Bode Miller and his wife Morgan Beck Miller have a powerful warning for all parents after the tragic death of their 19-month-old daughter Emeline.

Olympic gold medalist Bode Miller and his wife Morgan, still struggling with the devastating loss of their 19-month-old daughter in a drowning accident, are using the tragedy to raise awareness about child safety around water.

The issue is particularly poignant in Arizona, where child drownings continue to outpace the national average and Drowning Prevention Month has started.

Emeline Miller drowned in an Orange County, California, pool in in June, despite paramedics’ attempts to revive her.

“We are beyond devastated,” Bodie Miller wrote in an Instagram post at the time. “Never in a million years did we think we would experience a pain like this.”

Three days into August’s Drowning Impact Awareness Month, Morgan Miller’s Friday Instagram post urges, “Parents, Grandparents, Siblings, Aunts and Uncles, EVERYONE…. to be aware of water and place as many barriers between your child and those bodies of water.”

How Arizona ranks

Children between the ages of 1 and 4 in Arizona are drowning at nearly two times the national rate, according to Tiffaney Isaacson, a senior injury prevention specialist at Phoenix Children’s Hospital. 

The awareness month was established 15 years ago by the Phoenix Children’s Hospital.

“The common theme is really parenting,” Isaacson said, noting nothing can replace adult supervision when it comes to a child’s safety near water.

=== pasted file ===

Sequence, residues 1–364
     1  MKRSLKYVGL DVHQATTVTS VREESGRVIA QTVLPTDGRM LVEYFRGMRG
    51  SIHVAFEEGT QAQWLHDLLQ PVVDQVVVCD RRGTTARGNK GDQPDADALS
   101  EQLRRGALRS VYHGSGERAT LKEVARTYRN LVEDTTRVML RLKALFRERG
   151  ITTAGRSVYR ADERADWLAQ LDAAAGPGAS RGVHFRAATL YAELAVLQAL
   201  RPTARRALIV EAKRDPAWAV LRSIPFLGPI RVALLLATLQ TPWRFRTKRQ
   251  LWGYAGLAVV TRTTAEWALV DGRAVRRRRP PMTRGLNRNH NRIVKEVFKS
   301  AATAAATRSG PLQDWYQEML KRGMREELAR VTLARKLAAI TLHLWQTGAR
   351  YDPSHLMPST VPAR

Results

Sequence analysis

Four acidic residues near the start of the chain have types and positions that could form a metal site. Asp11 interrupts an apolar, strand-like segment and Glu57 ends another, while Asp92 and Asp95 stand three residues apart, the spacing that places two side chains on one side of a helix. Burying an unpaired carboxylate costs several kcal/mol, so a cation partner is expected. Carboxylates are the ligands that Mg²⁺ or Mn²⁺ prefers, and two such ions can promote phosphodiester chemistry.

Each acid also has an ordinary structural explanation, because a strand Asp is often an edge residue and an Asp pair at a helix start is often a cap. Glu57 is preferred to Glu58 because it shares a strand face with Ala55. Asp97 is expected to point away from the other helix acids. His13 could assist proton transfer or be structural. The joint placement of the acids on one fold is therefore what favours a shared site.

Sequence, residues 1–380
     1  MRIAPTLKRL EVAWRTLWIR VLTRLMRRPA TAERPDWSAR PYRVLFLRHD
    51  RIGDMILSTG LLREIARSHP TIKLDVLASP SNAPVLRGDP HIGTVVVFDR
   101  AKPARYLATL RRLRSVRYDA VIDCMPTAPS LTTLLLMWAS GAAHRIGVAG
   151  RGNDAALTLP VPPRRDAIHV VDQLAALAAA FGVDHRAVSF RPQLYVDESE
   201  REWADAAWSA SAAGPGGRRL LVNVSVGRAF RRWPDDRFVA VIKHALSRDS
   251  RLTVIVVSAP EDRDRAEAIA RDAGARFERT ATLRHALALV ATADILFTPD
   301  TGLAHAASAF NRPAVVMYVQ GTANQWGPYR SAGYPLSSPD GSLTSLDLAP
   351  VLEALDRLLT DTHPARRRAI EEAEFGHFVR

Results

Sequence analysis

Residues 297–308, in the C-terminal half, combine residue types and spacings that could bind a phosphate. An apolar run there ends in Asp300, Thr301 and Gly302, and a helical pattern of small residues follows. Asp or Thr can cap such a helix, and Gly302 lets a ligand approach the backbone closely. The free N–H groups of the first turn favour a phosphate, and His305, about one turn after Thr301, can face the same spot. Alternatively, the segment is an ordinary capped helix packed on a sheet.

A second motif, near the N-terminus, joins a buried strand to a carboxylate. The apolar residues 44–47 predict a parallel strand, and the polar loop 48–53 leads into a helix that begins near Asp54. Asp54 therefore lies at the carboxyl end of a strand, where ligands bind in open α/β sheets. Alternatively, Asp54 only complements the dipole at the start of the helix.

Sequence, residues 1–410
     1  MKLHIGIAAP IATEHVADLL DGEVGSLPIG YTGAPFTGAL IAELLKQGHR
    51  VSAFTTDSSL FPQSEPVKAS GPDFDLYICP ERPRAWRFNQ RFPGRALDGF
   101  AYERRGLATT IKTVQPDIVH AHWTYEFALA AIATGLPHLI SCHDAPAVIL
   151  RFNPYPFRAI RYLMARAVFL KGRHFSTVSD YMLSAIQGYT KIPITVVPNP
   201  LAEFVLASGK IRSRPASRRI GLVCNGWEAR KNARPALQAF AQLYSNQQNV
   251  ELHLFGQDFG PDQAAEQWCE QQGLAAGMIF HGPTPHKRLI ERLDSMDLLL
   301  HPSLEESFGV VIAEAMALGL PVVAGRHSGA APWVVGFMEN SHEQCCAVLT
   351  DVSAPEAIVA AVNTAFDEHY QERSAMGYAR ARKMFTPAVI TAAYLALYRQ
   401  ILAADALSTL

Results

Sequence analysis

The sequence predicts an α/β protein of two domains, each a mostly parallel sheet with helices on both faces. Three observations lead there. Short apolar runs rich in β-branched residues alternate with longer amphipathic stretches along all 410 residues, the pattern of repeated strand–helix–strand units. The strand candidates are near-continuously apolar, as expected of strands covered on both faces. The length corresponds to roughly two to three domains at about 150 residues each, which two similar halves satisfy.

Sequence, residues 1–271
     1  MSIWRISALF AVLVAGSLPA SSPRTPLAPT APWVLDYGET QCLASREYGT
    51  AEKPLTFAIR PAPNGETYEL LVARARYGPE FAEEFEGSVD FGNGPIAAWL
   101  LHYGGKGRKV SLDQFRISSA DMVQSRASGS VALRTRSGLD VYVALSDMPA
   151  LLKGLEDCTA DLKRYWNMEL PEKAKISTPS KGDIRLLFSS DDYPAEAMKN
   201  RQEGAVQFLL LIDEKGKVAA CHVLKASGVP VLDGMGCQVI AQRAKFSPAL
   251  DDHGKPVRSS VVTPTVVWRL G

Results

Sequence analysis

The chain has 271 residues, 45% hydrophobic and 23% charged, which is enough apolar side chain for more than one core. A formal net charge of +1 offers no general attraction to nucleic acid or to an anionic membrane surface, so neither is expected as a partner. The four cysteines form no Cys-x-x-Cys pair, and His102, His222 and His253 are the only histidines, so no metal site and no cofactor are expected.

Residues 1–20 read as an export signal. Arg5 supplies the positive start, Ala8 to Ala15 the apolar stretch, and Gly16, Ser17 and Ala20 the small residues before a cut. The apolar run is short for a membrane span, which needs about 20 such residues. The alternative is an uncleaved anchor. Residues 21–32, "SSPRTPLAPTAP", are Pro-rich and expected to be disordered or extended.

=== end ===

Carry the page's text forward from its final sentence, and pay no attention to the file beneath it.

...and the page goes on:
RELATED: Former Olympic skier Bode Miller, wife discuss their daughter’s drowning

Leaving children unattended near swimming pools is one of the biggest factors, she said. 

At least 163 fatal drownings of children under the age of 15 occurred during the summer of 2017 across the nation, and Arizona was ranked fourth among states, according to the USA Swimming Foundation.

The Drowning Prevention of Coalition of Arizona, which compiles statistics on water-related incidents, reports there were 28 water-related deaths in Maricopa and Pinal counties this year through July 30. While most involved adults, nine were children 5 or under.


The Phoenix Fire Department demonstrates what to do if you see someone unresponsive in a pool.

Preventing drownings

Parents need to decide “who will be the boss of the pool at the poolside that day,” Isaacson said.

“It has to be an adult who is sober and who can swim. They should turn their cellphone off,” and switch supervising duties with another adult every 15 minutes.

Phoenix Fire Department Capt. Jake Van Hook said firefighters regularly see distressing drowning situations that could have been prevented. 

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“One parent was in the bedroom watching some television, the other was in the living room with the kids,” Van Hook said. “Neither realized that the child opened up the patio door and went into the pool. He did not survive.”

Both parents thought the child was with the other parent, he added. 

Megan Miller, in an Instagram post, expressed the pain she feels every day:

“I often find myself wanting to reach into videos and pictures and just pull you out. Searching for ways to bring you back so our family is whole again.”



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